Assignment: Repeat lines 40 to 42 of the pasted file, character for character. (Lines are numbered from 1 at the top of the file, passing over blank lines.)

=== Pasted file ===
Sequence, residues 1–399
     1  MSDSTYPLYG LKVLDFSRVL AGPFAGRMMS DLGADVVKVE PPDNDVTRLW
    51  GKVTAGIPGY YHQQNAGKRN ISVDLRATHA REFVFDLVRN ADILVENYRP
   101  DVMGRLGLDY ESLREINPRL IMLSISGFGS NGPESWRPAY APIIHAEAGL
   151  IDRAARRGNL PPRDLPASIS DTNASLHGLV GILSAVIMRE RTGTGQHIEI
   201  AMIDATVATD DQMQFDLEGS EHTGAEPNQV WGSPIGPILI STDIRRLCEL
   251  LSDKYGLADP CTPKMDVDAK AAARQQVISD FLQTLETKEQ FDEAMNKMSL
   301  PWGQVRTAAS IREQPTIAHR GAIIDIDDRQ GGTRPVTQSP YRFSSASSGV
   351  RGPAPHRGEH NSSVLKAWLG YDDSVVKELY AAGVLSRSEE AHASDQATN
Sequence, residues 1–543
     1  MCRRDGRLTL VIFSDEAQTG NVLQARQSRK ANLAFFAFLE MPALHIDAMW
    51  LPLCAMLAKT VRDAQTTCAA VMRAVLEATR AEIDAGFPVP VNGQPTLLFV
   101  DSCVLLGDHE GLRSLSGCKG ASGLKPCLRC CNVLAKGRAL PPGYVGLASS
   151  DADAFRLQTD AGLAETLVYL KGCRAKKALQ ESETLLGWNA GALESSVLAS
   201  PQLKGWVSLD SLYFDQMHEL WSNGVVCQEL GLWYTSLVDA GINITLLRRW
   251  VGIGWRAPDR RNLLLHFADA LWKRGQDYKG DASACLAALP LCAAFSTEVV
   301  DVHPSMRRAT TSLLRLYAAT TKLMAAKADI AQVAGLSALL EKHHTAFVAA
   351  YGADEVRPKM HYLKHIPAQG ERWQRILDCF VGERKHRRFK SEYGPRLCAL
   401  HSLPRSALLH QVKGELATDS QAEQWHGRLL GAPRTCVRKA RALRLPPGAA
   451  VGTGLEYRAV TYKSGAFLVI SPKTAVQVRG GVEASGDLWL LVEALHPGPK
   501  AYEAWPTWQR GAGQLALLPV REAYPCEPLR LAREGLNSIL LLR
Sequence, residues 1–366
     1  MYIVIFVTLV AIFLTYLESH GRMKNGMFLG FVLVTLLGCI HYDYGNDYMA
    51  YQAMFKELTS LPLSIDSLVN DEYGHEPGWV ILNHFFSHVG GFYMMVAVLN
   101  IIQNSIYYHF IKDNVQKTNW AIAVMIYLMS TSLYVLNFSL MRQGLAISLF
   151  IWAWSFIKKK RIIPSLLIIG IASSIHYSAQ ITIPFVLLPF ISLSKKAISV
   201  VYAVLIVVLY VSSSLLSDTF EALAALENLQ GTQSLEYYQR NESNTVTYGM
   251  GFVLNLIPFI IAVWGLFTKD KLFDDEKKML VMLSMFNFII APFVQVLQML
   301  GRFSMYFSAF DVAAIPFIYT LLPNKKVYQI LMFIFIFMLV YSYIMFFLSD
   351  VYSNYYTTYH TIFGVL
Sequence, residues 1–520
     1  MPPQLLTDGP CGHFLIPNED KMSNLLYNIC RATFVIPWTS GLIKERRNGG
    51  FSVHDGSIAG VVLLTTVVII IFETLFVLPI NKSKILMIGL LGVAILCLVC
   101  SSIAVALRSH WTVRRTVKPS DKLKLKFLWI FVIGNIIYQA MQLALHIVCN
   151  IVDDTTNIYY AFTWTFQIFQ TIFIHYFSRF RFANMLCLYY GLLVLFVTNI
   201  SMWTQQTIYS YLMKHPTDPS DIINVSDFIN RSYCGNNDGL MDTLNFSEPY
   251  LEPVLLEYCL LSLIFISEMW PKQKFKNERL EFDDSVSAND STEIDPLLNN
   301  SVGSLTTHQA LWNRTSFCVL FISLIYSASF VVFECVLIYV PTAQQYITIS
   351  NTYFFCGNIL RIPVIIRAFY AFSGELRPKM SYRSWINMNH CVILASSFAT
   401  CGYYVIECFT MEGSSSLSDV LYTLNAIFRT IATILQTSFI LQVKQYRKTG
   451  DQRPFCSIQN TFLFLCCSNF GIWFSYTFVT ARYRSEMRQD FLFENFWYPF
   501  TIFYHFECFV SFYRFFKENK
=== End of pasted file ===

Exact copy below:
   401  CGYYVIECFT MEGSSSLSDV LYTLNAIFRT IATILQTSFI LQVKQYRKTG
   451  DQRPFCSIQN TFLFLCCSNF GIWFSYTFVT ARYRSEMRQD FLFENFWYPF
   501  TIFYHFECFV SFYRFFKENK